backcountry-skiing

SKI THE BACKCOUNTRY

Ungroomed terrain offers a bigger fitness challenge.

At resorts nationwide, athletes often travel down pistes, or runs made of compacted snow. But backcountry skiing requires you to venture outside the resorts’ boundaries into ungroomed, natural conditions, says Darcy Conover, a local expert skier for Aspen Skiing Company in Colorado. The sport almost always calls for hiking up the mountain rather than taking a lift, but you can also get there via snowcat, snowmobile, or helicopter.   

The backcountry is particularly alluring for athletes as navigating your way down a rougher mountain terrain demands more endurance and strength in the legs and core than skiing down groomed slopes does. On the latter, you can usually see everything in front of you, Conover says, but the backcountry is full of variable conditions (like bumps and powder) that show themselves unannounced. “You must be prepared for anything.”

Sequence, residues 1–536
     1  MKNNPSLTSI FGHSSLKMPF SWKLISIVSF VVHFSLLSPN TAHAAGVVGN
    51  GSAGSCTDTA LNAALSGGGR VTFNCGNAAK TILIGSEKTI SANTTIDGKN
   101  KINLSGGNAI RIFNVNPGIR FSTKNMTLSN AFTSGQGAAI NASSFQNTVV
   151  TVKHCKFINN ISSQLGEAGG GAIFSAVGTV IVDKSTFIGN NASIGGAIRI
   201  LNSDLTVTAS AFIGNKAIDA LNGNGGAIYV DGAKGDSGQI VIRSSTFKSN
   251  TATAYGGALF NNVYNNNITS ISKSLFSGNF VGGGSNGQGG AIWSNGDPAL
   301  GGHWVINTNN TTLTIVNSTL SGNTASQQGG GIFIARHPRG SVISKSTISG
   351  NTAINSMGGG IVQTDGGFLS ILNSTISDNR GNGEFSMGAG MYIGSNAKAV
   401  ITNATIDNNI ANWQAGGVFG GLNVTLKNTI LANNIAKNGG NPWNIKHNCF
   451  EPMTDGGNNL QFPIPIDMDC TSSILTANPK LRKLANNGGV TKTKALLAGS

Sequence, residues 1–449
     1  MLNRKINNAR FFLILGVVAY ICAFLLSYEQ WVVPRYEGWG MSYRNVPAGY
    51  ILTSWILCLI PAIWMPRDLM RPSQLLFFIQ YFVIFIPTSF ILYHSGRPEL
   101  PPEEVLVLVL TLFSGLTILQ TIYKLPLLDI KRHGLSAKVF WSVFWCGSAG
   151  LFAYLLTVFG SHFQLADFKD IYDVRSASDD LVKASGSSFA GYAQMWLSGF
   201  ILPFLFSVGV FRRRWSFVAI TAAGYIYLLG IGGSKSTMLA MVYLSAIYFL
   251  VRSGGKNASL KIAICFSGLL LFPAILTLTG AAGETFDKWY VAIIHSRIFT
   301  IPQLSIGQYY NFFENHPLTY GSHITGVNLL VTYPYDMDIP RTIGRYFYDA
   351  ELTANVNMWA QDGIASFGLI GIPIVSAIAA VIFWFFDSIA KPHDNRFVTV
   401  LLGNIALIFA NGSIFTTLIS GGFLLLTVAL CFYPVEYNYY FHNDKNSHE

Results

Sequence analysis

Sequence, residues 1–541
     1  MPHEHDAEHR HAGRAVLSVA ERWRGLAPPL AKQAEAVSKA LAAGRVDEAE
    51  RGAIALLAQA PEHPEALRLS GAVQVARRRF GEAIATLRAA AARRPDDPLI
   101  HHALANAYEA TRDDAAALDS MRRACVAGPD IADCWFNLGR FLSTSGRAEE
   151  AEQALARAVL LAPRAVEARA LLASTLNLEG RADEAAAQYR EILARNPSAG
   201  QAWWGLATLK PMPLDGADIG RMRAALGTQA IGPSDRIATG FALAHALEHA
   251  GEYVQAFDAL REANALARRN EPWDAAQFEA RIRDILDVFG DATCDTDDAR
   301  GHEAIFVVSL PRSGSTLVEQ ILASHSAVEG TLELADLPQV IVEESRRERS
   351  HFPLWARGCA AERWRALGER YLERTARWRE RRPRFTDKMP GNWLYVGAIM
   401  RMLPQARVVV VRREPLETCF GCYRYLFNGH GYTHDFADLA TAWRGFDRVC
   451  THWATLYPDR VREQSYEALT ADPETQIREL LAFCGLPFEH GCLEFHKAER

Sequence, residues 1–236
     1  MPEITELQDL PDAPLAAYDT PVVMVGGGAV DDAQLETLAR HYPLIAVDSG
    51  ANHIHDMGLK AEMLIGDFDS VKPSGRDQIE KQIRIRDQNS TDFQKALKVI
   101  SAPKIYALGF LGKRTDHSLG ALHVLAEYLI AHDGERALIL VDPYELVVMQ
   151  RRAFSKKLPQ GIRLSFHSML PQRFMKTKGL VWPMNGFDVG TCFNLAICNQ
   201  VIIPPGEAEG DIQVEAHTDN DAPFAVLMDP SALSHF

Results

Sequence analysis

Before considering the backcountry, master green and blue slopes and gain experience on powder or moguls, which require more fitness. Then, advanced-intermediate and expert skiers with good technique are ready to venture into the unknown.

Note: “When you go beyond that boundary, you ski at your own risk,” says Keith Reid, lead guide at Extremely Canadian Backcountry Adventures in Whistler, British Columbia. The lack of ski patrol, signage, and lifts comes with a higher likelihood of avalanche. Experts always suggest going with a professional guide or, at the minimum, taking an avalanche safety training course.

As they say, with great risk comes great reward. “The vastness and beauty of the backcountry alpine environment is the ultimate attraction,” Reid says. Experts favor these four spots.

Photo: D. Scott Clark/Tandem